Cocoa is one of Vanuatu’s main exports, with more than 1,500 tons exported annually.
It is an important cash crop: 25% of rural households in Vanuatu are involved in cocoa production.
Most cocoa is produced by smallholder farmers based in the northern islands of Vanuatu and then exported by three licensed exporters.
The annual export value is above VUV454 million (AUD5.5 million). Most of this cocoa is exported to the bulk grinding markets in Singapore and Malaysia, which deal in lower quality and lower prices.
Cocoa export figures have been growing over the past years, however, impacts from Cyclone Pam (2015) will likely see a decline in export figures over the coming years. With rising global demand, particularly in Asia, it is expected that international prices will continue to increase over the long term.
As consumer tastes change, there is also growing demand for high quality, single origin cocoa to make dark chocolate bars.
The vast majority of Vanuatu cocoa exports is in the form of dried beans. There is, however, a small chocolate factory owned by Alternative Communities Trade in Vanuatu (ACTIV), which is the only value-adding company producing chocolate in Vanuatu. Chocolate produced by ACTIV is sold domestically and within the tourist industry.
The main market access issue for Vanuatu cocoa is quality. Bean characteristics of flavour, fat content and freedom from taints (such as smoke or mould) are important, and countries with a reputation for poor quality have limited market options.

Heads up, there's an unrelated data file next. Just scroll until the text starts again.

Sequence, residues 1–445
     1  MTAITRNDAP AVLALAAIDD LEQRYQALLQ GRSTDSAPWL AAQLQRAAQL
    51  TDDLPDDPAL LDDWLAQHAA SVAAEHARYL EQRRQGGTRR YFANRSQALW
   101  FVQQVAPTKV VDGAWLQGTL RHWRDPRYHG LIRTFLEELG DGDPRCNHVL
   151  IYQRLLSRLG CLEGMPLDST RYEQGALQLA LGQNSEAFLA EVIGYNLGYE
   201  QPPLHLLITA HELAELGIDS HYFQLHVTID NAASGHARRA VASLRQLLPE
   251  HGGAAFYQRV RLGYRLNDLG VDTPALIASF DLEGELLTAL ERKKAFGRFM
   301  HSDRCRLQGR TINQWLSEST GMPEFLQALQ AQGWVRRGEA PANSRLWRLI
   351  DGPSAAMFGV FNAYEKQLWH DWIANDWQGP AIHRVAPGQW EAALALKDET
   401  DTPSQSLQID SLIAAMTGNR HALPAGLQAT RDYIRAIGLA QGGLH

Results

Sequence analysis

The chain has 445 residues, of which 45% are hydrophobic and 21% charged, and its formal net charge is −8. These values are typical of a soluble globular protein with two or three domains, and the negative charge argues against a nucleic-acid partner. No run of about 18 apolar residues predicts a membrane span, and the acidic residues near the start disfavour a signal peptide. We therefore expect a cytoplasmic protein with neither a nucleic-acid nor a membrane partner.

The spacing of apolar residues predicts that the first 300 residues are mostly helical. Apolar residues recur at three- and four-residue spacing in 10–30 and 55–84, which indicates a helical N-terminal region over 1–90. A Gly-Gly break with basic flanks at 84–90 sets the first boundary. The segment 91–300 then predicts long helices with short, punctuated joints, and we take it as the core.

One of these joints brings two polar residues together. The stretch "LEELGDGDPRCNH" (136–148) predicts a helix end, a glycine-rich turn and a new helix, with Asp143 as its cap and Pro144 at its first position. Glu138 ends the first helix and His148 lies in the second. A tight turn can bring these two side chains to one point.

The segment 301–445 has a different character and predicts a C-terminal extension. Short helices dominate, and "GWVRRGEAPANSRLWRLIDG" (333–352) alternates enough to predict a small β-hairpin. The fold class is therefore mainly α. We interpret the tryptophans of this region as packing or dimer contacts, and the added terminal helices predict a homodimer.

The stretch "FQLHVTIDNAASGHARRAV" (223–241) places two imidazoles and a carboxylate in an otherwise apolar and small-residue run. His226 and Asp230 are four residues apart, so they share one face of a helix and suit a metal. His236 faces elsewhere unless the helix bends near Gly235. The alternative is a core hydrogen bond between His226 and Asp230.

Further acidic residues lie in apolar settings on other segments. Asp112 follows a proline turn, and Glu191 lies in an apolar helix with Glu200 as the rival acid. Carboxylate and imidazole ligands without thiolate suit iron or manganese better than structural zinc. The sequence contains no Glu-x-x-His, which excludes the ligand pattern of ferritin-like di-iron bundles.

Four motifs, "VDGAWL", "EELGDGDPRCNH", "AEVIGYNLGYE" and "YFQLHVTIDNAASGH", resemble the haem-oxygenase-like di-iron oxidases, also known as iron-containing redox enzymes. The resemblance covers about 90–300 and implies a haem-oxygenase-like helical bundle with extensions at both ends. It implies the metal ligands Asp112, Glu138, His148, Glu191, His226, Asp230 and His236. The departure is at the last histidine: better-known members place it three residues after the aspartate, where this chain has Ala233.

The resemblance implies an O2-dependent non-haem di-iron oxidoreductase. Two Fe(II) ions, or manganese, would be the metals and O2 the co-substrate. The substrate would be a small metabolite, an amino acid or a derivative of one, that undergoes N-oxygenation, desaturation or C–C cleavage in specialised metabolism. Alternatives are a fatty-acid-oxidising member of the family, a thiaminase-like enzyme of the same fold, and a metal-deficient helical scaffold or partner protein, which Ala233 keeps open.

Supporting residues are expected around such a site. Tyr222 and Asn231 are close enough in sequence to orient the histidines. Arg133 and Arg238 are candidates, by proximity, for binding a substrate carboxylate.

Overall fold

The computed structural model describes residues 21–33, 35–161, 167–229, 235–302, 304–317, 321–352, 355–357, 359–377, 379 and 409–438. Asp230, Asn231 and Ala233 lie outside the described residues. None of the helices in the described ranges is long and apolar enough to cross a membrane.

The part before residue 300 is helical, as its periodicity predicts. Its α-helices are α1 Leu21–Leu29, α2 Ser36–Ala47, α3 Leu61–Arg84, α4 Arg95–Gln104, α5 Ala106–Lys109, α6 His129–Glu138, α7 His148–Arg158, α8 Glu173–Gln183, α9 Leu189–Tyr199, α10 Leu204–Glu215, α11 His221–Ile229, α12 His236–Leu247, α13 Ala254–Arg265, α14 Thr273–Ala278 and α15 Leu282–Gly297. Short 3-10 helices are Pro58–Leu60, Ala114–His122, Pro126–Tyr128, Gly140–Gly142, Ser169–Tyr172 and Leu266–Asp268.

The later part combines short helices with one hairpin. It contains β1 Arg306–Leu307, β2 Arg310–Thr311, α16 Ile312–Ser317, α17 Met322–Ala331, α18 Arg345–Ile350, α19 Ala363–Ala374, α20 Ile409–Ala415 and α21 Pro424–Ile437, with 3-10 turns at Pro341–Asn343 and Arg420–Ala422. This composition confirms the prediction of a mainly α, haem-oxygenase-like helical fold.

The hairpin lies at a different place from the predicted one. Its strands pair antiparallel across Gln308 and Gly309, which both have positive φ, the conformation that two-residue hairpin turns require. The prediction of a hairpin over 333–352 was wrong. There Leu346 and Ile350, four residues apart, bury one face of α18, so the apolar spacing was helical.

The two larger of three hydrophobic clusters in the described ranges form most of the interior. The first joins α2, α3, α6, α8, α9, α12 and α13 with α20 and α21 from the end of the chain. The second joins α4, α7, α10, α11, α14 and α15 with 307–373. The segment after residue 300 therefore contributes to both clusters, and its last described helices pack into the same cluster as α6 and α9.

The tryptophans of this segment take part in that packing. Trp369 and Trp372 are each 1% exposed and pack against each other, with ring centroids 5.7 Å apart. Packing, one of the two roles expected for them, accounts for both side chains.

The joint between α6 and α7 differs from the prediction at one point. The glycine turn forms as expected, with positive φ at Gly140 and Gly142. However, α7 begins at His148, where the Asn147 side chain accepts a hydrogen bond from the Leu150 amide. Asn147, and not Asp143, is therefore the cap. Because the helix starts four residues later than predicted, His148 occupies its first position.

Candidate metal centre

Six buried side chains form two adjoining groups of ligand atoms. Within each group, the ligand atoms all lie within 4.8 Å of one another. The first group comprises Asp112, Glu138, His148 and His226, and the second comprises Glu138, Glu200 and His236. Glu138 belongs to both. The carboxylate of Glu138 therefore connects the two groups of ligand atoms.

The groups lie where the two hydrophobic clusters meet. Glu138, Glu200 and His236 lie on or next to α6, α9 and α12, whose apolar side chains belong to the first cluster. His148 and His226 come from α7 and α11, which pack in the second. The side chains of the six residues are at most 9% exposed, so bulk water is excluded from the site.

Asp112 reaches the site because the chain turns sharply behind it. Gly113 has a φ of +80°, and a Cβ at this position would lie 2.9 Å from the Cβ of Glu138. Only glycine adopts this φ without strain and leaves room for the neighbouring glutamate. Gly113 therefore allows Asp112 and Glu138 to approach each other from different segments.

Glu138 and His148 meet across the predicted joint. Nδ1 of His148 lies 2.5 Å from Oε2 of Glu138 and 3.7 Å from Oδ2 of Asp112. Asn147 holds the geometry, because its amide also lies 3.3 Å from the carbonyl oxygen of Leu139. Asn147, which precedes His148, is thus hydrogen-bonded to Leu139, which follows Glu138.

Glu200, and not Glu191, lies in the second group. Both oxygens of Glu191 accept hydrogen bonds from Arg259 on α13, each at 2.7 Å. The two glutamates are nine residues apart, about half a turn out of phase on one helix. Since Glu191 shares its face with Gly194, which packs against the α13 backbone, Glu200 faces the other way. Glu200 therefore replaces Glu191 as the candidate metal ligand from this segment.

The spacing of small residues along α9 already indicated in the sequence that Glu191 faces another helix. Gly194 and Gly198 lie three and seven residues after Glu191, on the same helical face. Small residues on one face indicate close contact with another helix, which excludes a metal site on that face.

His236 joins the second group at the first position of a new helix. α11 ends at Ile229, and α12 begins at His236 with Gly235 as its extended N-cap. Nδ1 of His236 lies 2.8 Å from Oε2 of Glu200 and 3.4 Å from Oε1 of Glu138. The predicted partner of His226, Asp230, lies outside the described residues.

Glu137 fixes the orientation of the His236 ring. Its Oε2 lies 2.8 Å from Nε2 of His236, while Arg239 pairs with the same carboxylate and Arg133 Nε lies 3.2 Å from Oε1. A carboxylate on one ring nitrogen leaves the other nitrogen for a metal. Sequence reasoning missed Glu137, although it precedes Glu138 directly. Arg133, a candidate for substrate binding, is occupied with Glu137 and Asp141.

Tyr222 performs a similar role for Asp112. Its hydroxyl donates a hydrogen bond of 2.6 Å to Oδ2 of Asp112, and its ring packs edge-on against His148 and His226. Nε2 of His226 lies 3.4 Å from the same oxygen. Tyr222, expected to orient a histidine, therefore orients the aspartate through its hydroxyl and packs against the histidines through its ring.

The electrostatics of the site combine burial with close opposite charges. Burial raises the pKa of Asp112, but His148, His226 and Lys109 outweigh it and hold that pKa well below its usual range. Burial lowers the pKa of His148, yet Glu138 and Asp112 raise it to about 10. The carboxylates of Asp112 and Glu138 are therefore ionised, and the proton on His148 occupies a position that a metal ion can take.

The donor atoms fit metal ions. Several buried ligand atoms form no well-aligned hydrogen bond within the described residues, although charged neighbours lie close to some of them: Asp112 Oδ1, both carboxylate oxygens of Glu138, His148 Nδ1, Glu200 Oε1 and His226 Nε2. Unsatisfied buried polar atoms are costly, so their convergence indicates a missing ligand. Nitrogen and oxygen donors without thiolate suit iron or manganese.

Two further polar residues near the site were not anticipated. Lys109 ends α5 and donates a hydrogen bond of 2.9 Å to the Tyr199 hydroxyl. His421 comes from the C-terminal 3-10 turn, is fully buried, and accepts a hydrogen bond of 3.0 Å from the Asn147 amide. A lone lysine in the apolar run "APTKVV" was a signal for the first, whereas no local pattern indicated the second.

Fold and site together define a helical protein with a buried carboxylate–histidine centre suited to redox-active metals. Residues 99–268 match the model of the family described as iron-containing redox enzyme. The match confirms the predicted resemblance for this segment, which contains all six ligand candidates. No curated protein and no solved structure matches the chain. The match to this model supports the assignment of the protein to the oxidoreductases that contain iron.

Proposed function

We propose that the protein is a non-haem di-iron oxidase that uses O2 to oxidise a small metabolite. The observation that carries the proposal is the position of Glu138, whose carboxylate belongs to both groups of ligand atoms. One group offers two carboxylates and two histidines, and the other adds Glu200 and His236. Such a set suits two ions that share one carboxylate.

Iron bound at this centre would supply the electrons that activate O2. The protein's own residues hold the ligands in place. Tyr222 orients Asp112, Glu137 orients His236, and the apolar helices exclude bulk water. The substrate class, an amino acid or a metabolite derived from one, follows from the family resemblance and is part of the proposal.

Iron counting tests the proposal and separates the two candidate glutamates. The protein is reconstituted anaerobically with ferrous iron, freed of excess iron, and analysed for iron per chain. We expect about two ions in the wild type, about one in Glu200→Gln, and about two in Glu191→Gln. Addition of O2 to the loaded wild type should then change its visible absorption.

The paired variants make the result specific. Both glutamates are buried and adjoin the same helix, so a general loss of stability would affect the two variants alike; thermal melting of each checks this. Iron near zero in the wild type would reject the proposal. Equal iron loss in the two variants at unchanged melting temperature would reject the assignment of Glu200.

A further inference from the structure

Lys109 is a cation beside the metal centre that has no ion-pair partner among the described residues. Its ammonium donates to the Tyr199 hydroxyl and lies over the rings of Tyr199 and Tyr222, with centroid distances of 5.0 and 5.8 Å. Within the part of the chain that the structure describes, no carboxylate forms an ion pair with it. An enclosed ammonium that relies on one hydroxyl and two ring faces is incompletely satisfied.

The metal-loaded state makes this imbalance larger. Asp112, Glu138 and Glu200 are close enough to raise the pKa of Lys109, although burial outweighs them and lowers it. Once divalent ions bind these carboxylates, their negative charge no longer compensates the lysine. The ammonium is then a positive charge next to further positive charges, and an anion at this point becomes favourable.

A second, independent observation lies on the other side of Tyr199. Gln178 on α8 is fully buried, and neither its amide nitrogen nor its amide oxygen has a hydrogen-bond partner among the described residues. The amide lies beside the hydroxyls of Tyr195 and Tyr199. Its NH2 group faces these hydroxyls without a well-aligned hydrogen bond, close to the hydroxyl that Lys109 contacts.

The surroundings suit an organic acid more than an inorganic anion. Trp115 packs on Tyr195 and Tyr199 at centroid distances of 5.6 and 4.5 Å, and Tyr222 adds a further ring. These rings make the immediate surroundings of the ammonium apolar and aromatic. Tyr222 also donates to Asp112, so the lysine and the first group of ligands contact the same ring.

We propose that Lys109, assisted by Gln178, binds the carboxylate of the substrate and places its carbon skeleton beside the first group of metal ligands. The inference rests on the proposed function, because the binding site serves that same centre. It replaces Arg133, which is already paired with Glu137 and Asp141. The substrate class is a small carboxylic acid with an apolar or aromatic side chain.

Unfortunately, this is the case for Vanuatu cocoa. Current quality control systems in Vanuatu are very weak, and contamination of beans with smoke from wood-fired driers is common.
This limits the ability of Vanuatu exporters to improve terms with buyers or access new markets based on quality. Currently, as mentioned above, a very high percentage of Vanuatu cocoa is exported to the bulk grinding markets in Asia.
These importers factor expected poor quality into their discounted pricing. In addition, the majority of Vanuatu beans are sold to a very limited number of middle-men, cocoa trading houses that provide no pricing incentives to improve quality.
A lack of trade finance facilities in Vanuatu means that exporters are often reliant on these trading houses for pre-financing purchases of cocoa beans, which locks them into unfavourable commercial arrangements and results in export prices being discounted against world prices.
Through trials, PHAMA is introducing improved solar drier technologies that are adapted to the Vanuatu context and have the potential to improve cocoa quality.
This will assist cocoa exporters and producers to receive premium prices by allowing them to tap into higher quality markets identified from the market survey. PHAMA will specifically target women farmers for involvement in the trials.
It is hoped that sharing lessons between Vanuatu, Solomon Islands and Papua New Guinea will result in capacity development and increased marketing opportunities for all.